In Brief

The cognitive changes that older adults face as they age make them particularly vulnerable to consumer fraud and scams, according to research results that University of Illinois psychology professor Denise Park, PhD, shared with members of the Senate's Special Committee on Aging at a July Capitol Hill hearing on aging and consumer fraud. University of California at Santa Cruz psychology professor Anthony Pratkanis, PhD, also spoke at the hearing.

In 2004, the Federal Trade Commission (FTC) received nearly 650,000 complaints about fraud and identity-theft incidents ranging from Internet scams to fraudulent sweepstakes to work-at-home scams. Nearly 150,000 of the complaints came from consumers age 50 and older, according to FTC Associate Director for Planning and Information Lois Greisman, who also spoke at the hearing.

Park's work helps explain why scam artists may target older consumers.

"With age, we become slower at processing information, our memory becomes somewhat less effective and our ability to take in a large quantity of information at one time and reason about it decreases," she explained. "Thus, when older adults are faced unexpectedly with offers to buy things or have repairs done, they have less ability than younger adults to process all aspects of the message that they are receiving."

Park's research also shows that older adults are more likely than younger adults to pay attention to positive information and overlook negative information, and that they are more likely to remember the gist of information and less likely to recall specific details. Both of these cognitive quirks can also contribute to falling victim to a scammer.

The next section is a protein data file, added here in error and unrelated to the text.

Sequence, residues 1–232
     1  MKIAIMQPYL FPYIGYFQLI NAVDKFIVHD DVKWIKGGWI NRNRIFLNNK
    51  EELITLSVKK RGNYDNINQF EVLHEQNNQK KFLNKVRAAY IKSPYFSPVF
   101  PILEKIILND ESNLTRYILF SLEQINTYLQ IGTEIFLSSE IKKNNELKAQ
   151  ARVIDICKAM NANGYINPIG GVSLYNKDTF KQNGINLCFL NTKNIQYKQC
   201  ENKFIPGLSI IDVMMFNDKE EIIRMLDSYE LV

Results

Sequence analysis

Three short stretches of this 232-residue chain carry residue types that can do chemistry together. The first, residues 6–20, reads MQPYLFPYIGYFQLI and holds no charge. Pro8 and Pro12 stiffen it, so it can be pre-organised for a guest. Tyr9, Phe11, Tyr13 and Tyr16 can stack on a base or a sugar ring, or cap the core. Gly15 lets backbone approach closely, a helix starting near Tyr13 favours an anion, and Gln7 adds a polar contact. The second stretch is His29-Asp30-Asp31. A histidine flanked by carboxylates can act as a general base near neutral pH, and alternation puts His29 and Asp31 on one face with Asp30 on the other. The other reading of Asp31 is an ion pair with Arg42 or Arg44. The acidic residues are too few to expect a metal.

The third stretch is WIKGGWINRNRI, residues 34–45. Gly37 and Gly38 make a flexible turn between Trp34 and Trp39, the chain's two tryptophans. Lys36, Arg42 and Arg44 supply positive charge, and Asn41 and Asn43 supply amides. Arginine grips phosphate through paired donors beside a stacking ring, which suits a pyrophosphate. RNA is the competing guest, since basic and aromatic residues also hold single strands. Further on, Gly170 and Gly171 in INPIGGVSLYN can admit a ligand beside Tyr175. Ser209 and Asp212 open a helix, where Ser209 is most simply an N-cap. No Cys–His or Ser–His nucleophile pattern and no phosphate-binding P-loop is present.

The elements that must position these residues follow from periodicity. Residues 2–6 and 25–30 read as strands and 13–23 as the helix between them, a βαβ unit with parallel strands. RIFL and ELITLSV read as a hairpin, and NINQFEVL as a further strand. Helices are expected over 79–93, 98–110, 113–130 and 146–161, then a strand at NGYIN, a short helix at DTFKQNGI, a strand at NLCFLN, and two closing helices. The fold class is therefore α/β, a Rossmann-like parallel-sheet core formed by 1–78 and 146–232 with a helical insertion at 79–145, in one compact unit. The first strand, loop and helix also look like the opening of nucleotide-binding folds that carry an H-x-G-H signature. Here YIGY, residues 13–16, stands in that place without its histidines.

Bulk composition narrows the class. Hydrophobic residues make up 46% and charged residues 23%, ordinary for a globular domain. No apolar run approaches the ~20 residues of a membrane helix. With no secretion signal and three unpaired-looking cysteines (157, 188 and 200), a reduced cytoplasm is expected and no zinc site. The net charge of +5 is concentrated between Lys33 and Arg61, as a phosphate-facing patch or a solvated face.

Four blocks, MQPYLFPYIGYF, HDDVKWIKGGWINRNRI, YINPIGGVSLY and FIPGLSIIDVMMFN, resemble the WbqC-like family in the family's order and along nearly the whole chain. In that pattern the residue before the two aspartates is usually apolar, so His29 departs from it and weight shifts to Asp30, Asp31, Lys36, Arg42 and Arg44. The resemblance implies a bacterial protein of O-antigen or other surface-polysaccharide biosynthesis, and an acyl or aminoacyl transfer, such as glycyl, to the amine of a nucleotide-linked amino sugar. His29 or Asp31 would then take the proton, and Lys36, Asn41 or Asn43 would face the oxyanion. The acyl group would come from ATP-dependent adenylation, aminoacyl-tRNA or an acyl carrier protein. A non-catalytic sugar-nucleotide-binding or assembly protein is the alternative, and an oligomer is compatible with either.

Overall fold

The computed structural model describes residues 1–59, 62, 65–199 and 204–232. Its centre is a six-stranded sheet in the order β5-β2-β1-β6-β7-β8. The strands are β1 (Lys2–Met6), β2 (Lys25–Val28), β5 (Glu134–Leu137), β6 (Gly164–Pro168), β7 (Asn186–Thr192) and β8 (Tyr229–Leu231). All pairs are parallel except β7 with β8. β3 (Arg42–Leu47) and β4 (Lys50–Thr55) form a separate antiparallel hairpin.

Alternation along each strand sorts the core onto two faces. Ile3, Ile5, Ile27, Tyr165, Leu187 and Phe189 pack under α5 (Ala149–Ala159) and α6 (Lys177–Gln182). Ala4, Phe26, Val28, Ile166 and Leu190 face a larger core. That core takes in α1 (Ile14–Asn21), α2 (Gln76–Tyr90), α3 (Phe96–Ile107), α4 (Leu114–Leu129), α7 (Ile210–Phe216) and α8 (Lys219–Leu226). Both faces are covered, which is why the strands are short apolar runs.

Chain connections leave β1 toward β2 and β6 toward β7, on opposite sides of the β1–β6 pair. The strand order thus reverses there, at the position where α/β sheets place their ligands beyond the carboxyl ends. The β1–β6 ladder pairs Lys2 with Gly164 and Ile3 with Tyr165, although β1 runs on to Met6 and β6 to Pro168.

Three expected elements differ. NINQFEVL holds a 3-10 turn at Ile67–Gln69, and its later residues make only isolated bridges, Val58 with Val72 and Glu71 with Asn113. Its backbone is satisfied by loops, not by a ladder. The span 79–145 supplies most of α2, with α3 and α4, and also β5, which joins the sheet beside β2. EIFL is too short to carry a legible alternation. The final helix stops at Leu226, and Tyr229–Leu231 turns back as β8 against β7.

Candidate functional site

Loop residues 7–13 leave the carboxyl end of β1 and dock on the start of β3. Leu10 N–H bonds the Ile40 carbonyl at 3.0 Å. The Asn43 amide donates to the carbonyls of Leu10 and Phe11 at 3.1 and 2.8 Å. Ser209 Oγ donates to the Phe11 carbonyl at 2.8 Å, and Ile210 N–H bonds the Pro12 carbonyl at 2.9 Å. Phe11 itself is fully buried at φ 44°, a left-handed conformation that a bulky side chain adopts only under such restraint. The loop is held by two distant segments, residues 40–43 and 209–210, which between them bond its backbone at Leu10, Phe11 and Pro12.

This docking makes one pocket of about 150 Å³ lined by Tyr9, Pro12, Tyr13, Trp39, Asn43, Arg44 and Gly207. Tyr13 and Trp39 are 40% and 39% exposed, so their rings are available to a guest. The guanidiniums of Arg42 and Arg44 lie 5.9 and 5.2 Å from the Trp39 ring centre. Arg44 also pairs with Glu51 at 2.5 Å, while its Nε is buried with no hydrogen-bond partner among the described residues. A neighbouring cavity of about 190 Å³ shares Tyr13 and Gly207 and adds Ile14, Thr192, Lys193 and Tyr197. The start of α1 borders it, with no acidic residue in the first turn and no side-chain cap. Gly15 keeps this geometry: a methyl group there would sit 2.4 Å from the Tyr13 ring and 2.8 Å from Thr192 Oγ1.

Pratkanis and his colleagues are developing educational materials and intervention strategies to help senior citizens avoid this fate. The researchers survey fraud victims and investigate scammers' techniques.

"The weapon that is used in fraud crimes is social influence," said Pratkanis. The most successful prevention strategies, he said, give potential victims specific warnings about the type of pressure they'll face and empower them to take control of their conversations with a scammer. The idea, Pratkanis said, is to "build a feeling of self-efficacy--a feeling that 'I can take charge of the situation and hang up.'"